According to an Indianapolis Star report from earlier this month, June of 2015 was the wettest June in the history of the state. Average rainfall for the month state-wide was 9.03 inches, and it wasn’t only the wettest June we’ve ever seen; it was also our fourth-wettest month ever since record keeping began in 1895. Now we’re nearly halfway through July, but the turn of the calendar hasn’t done much to slow down the wet weather.
Over the last few days, severe thunderstorms have brought with them high-speed wind gusts, hail, tornado warnings and, unfortunately, flash flooding. It hardly seems that a day goes by without the threat of a thunderstorm in the forecast so it is unclear when relief from the threat of flooding is on the way. That means there are important questions you need to ask yourself, especially if you are a pet owner. What is your evacuation plan in the event of a flood? Does your plan include steps to ensure your pets’ safety? Now, no one is expecting you to make like Noah, build an ark and float away on the rising waters with your animals to safety. But there are some fairly simple steps to take to develop, or refine, a good flood plan for you and your pets.
When it comes to getting your pets safely out of a flooded house, first thing is first; have suitable carriers available. While adults may be able to walk through knee-deep flood waters, that level is too high for pets to safely wade through. Rushing waters could overwhelm them or they could be struck by debris in the water. You do not want to be forced to leave your pets behind in a flooded home because you don’t have a safe way to get them through flood waters outside of the house. There are a multitude of crates and carriers available for cats and small dogs. Make sure you have enough on hand to account for all of your animals. Medium to large breed dogs should be placed in a suitably-sized crate or kennel to be carried out of the home. This is could be a two-person job depending on the size and weight of the dog.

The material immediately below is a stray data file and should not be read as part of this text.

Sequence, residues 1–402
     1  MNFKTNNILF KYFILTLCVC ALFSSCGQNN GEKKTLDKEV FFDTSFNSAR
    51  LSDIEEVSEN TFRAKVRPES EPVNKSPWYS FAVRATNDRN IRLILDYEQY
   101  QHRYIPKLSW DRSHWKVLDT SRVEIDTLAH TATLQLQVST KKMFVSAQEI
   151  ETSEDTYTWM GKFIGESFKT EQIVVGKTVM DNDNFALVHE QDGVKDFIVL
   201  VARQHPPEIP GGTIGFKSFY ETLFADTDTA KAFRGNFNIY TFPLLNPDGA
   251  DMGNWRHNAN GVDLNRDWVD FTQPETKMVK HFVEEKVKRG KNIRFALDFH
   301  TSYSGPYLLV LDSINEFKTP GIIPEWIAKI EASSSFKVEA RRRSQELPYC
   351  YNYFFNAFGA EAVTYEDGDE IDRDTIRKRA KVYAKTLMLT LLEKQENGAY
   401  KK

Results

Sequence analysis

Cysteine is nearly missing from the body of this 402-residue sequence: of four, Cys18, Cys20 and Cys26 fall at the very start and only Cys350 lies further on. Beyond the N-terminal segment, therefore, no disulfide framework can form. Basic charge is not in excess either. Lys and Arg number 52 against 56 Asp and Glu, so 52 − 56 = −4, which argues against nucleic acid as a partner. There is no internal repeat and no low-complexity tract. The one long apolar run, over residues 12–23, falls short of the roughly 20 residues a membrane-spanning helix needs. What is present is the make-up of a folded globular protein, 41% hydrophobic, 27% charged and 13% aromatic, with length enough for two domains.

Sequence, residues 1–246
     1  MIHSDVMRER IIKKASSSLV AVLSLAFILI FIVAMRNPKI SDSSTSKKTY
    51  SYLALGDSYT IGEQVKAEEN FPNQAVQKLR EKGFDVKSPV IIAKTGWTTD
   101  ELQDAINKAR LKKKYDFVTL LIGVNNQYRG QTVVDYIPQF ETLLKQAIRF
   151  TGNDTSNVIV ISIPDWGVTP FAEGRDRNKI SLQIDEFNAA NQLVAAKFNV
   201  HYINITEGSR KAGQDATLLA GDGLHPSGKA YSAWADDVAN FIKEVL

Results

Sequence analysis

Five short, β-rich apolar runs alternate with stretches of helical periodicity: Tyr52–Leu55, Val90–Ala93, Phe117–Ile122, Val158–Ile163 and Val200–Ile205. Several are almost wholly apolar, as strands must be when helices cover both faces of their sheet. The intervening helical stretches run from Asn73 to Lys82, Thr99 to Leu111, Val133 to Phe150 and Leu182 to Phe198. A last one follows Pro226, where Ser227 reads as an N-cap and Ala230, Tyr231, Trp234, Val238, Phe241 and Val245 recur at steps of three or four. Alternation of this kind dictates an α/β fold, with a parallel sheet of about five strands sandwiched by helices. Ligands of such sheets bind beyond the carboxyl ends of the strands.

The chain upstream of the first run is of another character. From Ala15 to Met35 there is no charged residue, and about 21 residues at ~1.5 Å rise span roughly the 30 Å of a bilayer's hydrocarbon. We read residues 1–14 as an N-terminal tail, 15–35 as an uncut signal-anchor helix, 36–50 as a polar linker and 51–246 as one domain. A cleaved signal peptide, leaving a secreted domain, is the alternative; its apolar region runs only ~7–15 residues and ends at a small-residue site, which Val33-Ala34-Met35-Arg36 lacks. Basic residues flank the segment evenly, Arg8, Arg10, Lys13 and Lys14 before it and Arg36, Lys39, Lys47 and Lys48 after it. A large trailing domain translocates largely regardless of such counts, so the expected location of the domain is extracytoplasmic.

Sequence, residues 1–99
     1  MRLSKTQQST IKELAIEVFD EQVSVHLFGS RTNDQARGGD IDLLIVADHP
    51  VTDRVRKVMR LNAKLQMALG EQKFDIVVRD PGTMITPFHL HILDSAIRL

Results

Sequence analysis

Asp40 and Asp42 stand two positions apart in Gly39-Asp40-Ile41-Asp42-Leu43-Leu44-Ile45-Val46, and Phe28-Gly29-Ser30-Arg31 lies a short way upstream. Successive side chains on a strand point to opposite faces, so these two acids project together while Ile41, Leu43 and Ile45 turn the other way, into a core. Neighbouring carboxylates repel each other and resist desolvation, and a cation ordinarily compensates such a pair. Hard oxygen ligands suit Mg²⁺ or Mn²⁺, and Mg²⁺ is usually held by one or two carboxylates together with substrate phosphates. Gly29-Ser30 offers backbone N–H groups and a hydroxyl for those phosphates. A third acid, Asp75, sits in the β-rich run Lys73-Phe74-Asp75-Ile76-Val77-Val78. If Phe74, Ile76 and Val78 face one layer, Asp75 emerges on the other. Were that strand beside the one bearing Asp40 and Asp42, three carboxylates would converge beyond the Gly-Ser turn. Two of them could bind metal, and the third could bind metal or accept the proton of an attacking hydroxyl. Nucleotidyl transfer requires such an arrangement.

If you are forced to evacuate your home due to a flood, there is often uncertainty as to when you will be able to get back in. Because of this, having a pet emergency kit prepared will go a long way to making the situation more manageable. At a minimum your pet emergency kit should include a bowl, food, drinkable water and any medications your dog or cat currently takes. Other items worth considering are a leash, bandages, simple saline and a blanket.
In the event that you and your pets are separated in the process of, or after, evacuating your house, updated registration information is crucial. If your pets are microchipped, go online and make sure that the information is up-to-date with your current address, cell phone number and email address. Also keep a tag on your dog’s or cat’s collar with the same current contact information, along with the pet’s name.
A little research in advance of an emergency situation will also go a long way. Call around to, or email, shelters and/or rescue groups in your area to find out if they offer services in the event of an emergency. Additionally, you should ask your primary veterinarian about emergency window stickers. These stickers indicate to first responders (fire fighters, police, EMTs) that there are animals inside a residence, along with how many there are. Finally, know where the closest 24-hour emergency veterinary hospital is. Our hospital is always open to help with your pet emergencies.
At the end of the day, no one wants to deal with the stress and the worry of a flooded home. More than that, though, no one wants the added stress and worry if something were to happen to their dog or cat in a flood. Consider some of these tips to help develop a flood-preparedness plan and talk to your veterinarian about what else can be done. And let’s all do some kind of anti-rain dance so that we can see the sun around Indianapolis for at least a few days.